Who among us can stand alone? That’s a painful proposition for most adults, but for children, it is an unimaginably cruel prospect. Kids need someone in their corner, someone who can guide them, bolster them and stand up for them when they are unable to stand up for themselves. In Delaware and Chester counties, children are fortunate to have Impact100 Philadelphia 2016 grant recipient CASA (Court Appointed Special Advocates) Youth Advocates to step into the breach when their families are not able to provide a stable environment.
It is not a pretty picture when families unravel. The explosion in addiction issues and reduction in mental health services have left increasing numbers of children in untenable situations. When the court system becomes involved, through various social service or school referrals, a CASA Youth Advocate can become a life-saving option for local boys and girls. Their mission is to speak for the best interests of abused and neglected children who are involved in the child welfare system. CASA believes that every child has the right to live in a safe, permanent and nurturing environment, but this goal does not always translate into reality. Not every story has a home with a white picket fence as the final chapter. Many children live in group or foster homes, move often and do not have a level of consistency in their lives, except for their CASA volunteer. Not many problems have a quick fix. In some cases, CASA Youth Advocates spend years helping vulnerable children navigate a complicated judicial system that can be daunting for an adult with resources. For a child, this may truly serve as a lifeline for a lifetime.
The Impact100 Philadelphia grant was awarded to expand the CASA Youth Advocates of Delaware County program, and as a result of our funding, the organization has increased services significantly. The key to their success was the recruitment of additional volunteers, made possible by full time staff support and aggressive outreach throughout the community. At CASA, there is no such thing as a typical volunteer: they enlist a wide range of professionals, stay-at-home parents, retirees, law enforcement officials and caring individuals to serve. Training is rigorous. In addition to a comprehensive application and screening process, 35 hours of education in child development, effects of emotional trauma, cultural competence and the child welfare process are mandatory. Volunteers also learn about courtroom procedures and expectations, and how to put their best foot forward on behalf of the children they serve. In an environment where all other stakeholders are attorneys, CASA wants to make sure volunteers can navigate the legal system appropriately. CASA Youth Advocates also receive 12 hours of in-service training in cooperation with colleagues from across the state.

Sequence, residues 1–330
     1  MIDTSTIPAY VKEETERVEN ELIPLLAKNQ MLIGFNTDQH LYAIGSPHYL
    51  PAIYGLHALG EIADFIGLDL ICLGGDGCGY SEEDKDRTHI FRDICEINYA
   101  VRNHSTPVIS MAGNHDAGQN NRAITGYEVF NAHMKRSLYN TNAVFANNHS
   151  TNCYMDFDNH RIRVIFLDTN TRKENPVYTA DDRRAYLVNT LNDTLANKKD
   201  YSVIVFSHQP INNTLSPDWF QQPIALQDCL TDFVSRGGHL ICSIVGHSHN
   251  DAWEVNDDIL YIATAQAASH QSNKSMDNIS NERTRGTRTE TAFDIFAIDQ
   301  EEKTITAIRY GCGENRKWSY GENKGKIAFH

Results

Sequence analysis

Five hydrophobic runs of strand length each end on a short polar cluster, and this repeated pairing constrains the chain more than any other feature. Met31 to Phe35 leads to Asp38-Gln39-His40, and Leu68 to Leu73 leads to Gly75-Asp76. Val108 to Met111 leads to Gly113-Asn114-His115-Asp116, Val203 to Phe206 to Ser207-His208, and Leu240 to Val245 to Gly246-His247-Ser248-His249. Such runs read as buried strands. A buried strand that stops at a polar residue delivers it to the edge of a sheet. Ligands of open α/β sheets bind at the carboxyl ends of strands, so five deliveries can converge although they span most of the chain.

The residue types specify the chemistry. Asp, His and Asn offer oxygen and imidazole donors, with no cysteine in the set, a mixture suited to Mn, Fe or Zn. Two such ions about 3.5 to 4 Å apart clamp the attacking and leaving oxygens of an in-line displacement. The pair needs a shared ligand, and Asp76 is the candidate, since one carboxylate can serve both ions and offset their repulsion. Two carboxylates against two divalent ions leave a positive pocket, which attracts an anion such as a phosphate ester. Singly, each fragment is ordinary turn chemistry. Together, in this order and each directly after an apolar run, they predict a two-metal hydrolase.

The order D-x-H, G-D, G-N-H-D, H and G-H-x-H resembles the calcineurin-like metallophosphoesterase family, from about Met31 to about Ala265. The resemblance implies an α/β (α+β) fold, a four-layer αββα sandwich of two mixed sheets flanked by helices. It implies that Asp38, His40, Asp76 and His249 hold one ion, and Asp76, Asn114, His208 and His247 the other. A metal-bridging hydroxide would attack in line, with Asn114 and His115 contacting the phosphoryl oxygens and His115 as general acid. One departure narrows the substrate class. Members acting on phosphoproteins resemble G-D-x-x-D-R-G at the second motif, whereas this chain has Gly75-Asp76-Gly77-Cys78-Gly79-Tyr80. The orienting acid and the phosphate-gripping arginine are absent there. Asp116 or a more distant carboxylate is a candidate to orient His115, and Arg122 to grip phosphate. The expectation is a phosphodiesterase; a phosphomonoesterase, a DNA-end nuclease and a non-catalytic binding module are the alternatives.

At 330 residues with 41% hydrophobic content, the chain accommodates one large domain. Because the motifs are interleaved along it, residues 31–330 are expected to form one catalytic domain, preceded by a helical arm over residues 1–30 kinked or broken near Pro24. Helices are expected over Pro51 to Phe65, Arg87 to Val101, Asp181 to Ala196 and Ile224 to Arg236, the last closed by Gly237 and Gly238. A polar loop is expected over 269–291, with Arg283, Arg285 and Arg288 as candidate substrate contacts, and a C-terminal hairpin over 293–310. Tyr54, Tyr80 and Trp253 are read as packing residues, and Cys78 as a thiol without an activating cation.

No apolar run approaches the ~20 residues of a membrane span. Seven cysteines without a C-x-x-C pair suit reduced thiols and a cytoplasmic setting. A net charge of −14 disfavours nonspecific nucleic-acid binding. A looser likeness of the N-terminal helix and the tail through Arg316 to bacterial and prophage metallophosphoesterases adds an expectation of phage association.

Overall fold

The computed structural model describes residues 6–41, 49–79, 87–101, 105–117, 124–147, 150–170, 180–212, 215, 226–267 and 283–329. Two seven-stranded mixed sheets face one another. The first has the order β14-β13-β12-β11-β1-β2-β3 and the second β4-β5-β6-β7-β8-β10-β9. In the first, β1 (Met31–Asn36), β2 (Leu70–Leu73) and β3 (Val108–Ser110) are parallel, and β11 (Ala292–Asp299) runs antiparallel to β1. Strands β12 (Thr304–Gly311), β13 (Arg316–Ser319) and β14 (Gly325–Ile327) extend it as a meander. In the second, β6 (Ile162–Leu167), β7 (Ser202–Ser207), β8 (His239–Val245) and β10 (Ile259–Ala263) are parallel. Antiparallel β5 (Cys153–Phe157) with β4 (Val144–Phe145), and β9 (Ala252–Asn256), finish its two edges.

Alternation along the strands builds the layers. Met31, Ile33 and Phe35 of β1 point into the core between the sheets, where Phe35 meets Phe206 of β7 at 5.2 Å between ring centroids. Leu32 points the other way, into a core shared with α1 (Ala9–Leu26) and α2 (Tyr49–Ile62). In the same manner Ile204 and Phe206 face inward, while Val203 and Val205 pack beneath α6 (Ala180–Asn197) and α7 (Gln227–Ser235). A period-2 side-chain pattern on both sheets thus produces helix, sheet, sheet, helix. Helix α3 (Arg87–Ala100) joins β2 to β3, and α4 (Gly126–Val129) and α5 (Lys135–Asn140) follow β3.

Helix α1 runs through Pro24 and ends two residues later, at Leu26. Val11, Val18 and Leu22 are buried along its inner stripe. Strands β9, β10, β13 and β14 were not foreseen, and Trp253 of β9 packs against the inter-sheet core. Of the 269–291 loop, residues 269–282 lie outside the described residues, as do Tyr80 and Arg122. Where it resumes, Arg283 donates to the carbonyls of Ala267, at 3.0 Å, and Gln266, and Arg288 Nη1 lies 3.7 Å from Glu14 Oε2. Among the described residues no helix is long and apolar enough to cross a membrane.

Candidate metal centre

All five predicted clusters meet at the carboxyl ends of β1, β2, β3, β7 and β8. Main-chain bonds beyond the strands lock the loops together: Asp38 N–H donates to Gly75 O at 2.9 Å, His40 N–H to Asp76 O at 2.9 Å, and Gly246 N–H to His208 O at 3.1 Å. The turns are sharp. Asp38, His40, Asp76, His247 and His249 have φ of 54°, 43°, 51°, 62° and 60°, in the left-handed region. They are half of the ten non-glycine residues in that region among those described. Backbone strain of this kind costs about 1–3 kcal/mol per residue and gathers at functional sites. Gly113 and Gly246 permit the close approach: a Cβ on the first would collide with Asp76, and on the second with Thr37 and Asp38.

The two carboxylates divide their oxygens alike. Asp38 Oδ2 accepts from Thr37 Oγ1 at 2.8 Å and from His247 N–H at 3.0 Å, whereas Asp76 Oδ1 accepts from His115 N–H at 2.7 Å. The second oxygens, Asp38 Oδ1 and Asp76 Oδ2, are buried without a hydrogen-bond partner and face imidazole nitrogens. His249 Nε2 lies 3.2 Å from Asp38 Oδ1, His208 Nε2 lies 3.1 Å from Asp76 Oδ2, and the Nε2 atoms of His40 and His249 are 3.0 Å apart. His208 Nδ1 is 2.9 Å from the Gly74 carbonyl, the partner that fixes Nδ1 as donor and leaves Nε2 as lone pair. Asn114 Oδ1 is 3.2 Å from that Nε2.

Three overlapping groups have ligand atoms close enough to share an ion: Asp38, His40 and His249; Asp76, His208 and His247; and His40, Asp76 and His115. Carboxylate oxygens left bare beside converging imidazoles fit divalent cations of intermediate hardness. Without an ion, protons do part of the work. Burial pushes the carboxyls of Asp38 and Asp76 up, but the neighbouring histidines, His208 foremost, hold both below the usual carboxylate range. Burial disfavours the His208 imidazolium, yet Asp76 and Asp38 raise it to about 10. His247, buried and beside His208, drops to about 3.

When children are supervised by the court system, geographical boundaries and time commitments blur. If these children have an assigned CASA volunteer, the Youth Advocate works with them regardless of changes in residence. Their goal is to establish a real relationship. Many Delaware and Chester county volunteers are responsible for local kids who have been moved to new locations throughout Pennsylvania. Proximity may change, but the commitment remains until the child being served is reunited with parents, permanently placed in a home or reaches the age of majority. Read more about the special bond between local children and CASA Youth Advocate volunteers.
A challenging aspect for any nonprofit is necessary long term planning within the institution. CASA Youth Advocates transitioned into a more stable organization approximately a decade ago, and carefully considered staffing and personnel requirements. Gradually, the part time Executive Director became full time, and was able to expand staff without compromising financial solvency. Their organizational plan, to hire with an eye towards promotion by, offering additional training and advancement, paid dividends when a new Executive Director was recruited internally. CASA Youth Advocates has been able to continue their mission of service to children without skipping a beat.
Although there is great cooperation among all of the CASA chapters throughout the country, unfortunately, not all areas are served. Less than half of Pennsylvania’s counties have an active CASA organization. Future goals include expansion into Montgomery and Bucks Counties, but turning this goal into reality is a political process. The CASA Youth Advocate staff is determined to grow and serve as many children as possible, so more volunteers are always needed. If you are interested in learning about advocating for CASA Youth Advocate expansion or serving as a Youth Advocate, click HERE. Their door is open to anyone who can lend a hand.